If there’s one thing I’ve learned about certain creators in the industry, it’s that sometimes the more esoteric and weirder ones in the fold tend to push out some interesting games. Personally, my first foray into the minds of these so-called “weird” creators was through Hideo Kojima. Sure, it’s a cliche thing to say. But you can’t sit here and tell me that games like Metal Gear Solid 2 and the abject insanity of its latter quarter of of run time wasn’t something that confused yet somehow entertained you. Suffice it to say, Kojima feels comfortable being in a weird an offbeat space.
But Goichi Suda (AKA Suda51) and his team over at Grasshopper Manufacture like to occupy a different kind of weird space. If he isn’t telling a story about a bunch of assassins trying to take down a crime syndicate, he’s teaming up with Shinji Mikami to have a leather-clad badass save his girlfriend from Hell with the help of his boner-joke-machine of a talking gun/motorcycle cohort. While he tends to stray away from making sequels for many of these games, he can’t help but have a soft spot for that lovable otaku assassin Travis Touchdown and his shenanigans in the No More Heroes franchise.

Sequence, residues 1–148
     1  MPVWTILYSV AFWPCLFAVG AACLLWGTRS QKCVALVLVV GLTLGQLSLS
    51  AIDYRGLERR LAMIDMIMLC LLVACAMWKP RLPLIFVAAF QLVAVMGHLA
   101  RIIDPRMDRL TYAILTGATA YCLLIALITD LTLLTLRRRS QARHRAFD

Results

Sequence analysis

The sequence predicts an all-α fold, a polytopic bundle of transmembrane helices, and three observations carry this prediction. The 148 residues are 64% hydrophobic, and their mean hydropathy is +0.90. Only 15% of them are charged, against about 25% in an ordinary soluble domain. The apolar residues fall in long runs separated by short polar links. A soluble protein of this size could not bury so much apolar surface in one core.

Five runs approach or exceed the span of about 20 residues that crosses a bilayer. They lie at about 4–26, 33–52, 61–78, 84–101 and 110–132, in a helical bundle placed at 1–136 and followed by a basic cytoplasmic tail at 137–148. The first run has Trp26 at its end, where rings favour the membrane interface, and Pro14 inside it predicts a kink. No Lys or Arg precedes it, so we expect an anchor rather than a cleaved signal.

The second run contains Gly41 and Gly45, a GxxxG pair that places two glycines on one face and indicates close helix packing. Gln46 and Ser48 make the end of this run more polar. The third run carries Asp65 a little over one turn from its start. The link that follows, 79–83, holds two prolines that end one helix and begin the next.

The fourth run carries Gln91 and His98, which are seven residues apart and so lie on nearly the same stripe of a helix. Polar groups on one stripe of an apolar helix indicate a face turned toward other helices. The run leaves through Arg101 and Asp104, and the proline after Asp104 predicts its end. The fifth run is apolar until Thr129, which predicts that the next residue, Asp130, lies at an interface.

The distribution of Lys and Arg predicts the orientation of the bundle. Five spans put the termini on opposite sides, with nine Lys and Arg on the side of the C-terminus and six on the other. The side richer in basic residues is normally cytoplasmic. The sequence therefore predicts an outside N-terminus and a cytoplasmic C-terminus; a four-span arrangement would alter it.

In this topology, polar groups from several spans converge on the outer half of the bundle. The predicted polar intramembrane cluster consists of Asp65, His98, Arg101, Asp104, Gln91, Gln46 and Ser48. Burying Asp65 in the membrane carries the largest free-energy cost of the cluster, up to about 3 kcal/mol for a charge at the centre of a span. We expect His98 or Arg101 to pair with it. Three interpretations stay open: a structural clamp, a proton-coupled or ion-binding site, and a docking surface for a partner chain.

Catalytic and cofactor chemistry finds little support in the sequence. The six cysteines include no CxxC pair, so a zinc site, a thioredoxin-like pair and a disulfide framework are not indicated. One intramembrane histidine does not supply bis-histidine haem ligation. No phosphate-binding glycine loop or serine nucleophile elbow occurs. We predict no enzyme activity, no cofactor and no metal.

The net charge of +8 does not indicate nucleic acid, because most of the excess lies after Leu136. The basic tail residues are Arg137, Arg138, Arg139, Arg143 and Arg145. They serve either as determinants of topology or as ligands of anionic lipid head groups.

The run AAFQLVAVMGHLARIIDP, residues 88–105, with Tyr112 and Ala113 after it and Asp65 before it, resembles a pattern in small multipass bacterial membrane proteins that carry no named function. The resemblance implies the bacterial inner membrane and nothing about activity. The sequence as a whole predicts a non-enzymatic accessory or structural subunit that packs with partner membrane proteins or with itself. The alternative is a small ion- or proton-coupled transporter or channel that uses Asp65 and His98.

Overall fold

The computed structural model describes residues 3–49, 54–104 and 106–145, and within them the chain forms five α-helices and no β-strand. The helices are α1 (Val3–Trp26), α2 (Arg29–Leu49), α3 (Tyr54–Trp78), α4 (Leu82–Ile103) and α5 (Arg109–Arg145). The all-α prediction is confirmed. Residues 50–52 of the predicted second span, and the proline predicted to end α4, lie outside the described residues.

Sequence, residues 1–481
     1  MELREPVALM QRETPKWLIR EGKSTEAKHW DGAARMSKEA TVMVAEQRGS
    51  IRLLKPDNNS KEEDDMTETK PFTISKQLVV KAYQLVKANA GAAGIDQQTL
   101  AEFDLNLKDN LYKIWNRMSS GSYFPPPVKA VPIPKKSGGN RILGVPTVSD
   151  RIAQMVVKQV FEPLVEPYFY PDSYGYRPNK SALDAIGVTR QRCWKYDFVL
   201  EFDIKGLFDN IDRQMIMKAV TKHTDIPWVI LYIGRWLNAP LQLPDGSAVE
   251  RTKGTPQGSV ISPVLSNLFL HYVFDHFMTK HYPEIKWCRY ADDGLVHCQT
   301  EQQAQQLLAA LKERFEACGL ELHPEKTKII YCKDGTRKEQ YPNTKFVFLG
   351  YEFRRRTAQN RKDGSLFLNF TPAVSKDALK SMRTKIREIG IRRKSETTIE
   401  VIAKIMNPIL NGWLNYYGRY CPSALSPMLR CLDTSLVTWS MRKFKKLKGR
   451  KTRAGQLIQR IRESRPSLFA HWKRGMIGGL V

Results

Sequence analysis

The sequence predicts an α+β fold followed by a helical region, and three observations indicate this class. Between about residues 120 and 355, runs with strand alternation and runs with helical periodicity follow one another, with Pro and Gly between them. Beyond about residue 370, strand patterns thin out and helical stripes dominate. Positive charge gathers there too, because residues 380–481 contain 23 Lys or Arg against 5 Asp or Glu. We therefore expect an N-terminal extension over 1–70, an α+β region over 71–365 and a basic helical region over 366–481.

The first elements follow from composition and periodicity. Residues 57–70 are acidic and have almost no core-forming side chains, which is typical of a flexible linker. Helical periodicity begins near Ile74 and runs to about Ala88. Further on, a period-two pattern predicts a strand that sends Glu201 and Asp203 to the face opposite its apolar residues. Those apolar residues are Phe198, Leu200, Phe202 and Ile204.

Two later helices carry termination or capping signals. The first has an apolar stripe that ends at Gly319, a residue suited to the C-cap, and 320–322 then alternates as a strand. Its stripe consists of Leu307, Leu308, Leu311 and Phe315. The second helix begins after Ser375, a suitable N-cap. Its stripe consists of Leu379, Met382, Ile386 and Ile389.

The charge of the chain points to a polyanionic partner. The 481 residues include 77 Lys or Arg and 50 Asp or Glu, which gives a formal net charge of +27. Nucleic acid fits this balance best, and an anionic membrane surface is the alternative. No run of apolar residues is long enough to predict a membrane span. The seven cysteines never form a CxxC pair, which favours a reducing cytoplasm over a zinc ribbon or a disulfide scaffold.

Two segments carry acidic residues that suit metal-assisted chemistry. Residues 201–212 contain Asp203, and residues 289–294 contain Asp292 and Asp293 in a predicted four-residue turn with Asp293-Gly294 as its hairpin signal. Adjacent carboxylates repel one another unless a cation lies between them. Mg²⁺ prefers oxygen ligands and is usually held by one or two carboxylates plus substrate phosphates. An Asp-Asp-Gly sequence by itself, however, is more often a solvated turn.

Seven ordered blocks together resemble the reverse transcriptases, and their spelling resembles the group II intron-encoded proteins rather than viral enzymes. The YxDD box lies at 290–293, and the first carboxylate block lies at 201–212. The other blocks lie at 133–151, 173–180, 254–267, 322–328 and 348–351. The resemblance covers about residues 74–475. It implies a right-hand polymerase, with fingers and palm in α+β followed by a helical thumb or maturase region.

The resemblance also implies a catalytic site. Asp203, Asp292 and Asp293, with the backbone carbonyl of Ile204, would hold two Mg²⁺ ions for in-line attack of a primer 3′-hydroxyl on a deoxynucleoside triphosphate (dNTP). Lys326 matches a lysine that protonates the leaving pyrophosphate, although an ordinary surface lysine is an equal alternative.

Up until recently, Switch owners were only able to goof around with Travis in Travis Strikes Again: No More Heroes. But with the third mainline entry on the horizon, why wouldn’t you go ahead and port the first two games for some portable assassin action? Developed by Grasshopper Manufacture/Marvelous and published by XSEED, No More Heroes was released exclusively for Nintendo Switch and is the version played for this review.
Set in the fictional California town of Santa Destroy, our aspiring uber assassin and otaku Travis Touchdown lives on the low end of things. He spends most of his money on anime figurines, video rentals, and pro wrestling merchandise, and his funds are typically low. However, he lucks into winning a “beam katana” on the internet and accepts an offer from a mysterious femme fatale to neutralize a ranking assassin.
After eliminating the 11th ranked member of the United Assasins Association, he’s informed that killing the remaining ten will supply him with exorbitant riches and the notoriety that comes with it. However, he himself will become a target for other would-be assassins as well during that ascent.